The Bank of England (BoE) today raised interest rates by 0.5% to 2.25%, the highest levels since 2008. In addition to this, the government is likely to cut stamp duty in an announcement tomorrow, in another shake-up to the housing market. In a decade defined by soaring inflation and an energy squeeze set to send two-thirds of households into fuel poverty, Britain’s housing market has continued to defy all odds. Despite consecutive interest rate rises this year pushing up mortgage prices, house prices have continued to break records, with the average home now costing £256,900, marking a £19,800 (8.3%) increase in the past 12 months alone. Additional research from Zoopla shows that the average first-time buyer property has shot up by £33,000 – to £269,000 – in the same period, meaning that for homeowners and prospective homebuyers, things are set to become even more challenging.

Amidst a cacophony of changes within the market, property technology company, iPlace Global, has unveiled proprietary research into the direction of the housing market for the next year, given the current economic conditions.

Key stats:

  • 16% of homeowners are looking to sell their home in the next year
  • 22% of homeowners have looked into changing mortgage deals simply because they can’t keep up with payments
  • 25% of homeowners have stated the need to adjust their current mortgage deal, but don’t know how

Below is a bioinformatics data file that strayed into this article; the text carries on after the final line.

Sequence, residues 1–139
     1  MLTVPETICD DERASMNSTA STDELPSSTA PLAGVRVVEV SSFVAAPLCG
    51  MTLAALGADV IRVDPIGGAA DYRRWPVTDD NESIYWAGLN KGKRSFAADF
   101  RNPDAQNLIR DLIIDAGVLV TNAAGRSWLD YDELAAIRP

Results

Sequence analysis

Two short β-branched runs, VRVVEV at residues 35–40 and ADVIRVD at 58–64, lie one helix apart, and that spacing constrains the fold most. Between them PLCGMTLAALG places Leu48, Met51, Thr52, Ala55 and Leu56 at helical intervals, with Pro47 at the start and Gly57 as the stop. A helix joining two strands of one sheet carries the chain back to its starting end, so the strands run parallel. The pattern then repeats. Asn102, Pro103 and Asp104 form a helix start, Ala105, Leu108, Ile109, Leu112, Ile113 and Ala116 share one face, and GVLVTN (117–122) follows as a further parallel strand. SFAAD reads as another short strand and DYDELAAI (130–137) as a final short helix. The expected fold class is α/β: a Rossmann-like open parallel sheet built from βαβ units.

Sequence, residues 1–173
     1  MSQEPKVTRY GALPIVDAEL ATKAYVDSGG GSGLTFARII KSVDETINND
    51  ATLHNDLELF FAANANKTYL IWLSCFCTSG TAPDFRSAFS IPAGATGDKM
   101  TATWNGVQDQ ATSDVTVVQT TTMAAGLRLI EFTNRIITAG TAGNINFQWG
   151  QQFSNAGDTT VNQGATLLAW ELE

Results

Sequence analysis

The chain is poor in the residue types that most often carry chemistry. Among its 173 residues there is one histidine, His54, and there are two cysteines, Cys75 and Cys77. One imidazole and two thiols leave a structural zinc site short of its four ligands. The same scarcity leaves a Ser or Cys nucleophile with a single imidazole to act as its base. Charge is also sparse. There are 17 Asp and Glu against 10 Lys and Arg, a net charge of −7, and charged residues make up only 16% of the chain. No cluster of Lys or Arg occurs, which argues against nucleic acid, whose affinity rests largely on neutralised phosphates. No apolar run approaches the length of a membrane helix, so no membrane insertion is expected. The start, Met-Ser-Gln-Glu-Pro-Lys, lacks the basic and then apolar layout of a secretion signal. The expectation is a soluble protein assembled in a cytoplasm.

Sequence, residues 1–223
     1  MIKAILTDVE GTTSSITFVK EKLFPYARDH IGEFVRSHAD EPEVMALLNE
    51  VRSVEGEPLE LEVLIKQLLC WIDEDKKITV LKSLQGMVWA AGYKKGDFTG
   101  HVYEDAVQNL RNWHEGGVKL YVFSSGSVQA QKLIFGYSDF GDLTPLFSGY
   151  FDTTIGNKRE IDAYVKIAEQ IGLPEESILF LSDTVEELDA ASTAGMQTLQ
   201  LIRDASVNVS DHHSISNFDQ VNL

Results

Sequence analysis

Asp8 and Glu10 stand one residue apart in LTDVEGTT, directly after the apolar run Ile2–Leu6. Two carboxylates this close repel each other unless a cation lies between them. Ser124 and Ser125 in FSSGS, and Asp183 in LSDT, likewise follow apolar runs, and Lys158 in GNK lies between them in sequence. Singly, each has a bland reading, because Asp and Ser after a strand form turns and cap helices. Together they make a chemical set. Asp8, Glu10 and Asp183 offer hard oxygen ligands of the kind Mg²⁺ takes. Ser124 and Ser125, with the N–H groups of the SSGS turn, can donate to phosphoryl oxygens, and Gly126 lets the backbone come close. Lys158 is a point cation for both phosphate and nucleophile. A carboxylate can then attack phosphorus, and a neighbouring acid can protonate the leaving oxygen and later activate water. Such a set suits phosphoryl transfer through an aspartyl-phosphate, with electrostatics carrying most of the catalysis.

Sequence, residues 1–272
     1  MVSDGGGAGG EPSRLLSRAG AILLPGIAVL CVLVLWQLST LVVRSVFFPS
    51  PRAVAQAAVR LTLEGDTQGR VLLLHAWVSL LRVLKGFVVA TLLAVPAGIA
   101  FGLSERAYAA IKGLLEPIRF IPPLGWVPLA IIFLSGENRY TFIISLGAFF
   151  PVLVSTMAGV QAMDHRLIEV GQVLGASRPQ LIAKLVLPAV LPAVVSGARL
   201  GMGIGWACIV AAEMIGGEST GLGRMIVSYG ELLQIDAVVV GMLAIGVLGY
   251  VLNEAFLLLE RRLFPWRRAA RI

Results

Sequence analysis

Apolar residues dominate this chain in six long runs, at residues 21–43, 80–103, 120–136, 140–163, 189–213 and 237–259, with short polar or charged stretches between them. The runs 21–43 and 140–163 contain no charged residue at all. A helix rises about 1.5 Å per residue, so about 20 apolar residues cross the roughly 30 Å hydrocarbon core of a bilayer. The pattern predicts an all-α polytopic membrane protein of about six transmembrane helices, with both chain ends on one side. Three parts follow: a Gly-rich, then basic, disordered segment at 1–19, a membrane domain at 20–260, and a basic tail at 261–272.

Research from iPlace Global found that a staggering 16% of homeowners are looking to sell their home in the next year as they seek to take advantage of inflated prices. Currently, around 14.1 million Brits are homeowners – meaning that 2.3 million people could be looking to sell their property to capitalise on the current conditions of the market. The total value of British homes is worth £9.2 trillion – soaring by £1.6 trillion in the past five years – which is four times the UK’s total economic output and more than four times the value of the entire FTSE 100, according to Zoopla. In a move that could give the property market a much-needed boost, iPlace Global’s study indicates that if 16% of homeowners sell off in the next six months, it could result in over £590 billion of capital being released into the housing arena. Not only could this unlock significant fiscal-flow, providing a much-needed springboard for Britain’s current economic slump, it could also help alleviate the current pressures in demand, delivering a boost in stock levels for those looking to get onto the property ladder.